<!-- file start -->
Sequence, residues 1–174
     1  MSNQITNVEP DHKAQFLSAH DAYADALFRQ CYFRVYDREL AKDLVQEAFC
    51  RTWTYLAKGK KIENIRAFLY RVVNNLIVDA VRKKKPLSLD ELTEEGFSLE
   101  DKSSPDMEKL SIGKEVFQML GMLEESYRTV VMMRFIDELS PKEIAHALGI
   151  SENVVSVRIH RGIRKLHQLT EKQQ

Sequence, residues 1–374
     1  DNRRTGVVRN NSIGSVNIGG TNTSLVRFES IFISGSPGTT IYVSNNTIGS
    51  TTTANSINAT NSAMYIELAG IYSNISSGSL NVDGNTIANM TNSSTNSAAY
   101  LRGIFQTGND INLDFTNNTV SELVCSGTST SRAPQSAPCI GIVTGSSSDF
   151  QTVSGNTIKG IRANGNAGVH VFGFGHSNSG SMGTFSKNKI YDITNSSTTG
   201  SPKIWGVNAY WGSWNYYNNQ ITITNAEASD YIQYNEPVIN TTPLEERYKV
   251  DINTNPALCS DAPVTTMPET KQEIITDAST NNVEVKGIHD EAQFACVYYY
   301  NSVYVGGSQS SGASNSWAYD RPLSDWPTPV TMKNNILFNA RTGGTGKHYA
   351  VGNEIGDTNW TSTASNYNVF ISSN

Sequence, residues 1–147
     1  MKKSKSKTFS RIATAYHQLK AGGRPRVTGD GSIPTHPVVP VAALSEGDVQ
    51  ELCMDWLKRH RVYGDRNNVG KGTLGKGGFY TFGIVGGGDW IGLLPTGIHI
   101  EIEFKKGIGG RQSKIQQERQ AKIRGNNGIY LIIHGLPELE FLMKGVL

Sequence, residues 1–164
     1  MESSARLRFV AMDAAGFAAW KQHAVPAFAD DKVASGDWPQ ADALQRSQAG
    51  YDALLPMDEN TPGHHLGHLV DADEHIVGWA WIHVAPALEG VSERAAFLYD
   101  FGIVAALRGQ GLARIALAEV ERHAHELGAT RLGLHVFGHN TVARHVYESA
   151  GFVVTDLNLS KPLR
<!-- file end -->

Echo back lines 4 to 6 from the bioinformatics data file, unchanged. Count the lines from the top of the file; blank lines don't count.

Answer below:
   101  DKSSPDMEKL SIGKEVFQML GMLEESYRTV VMMRFIDELS PKEIAHALGI
   151  SENVVSVRIH RGIRKLHQLT EKQQ

Sequence, residues 1–374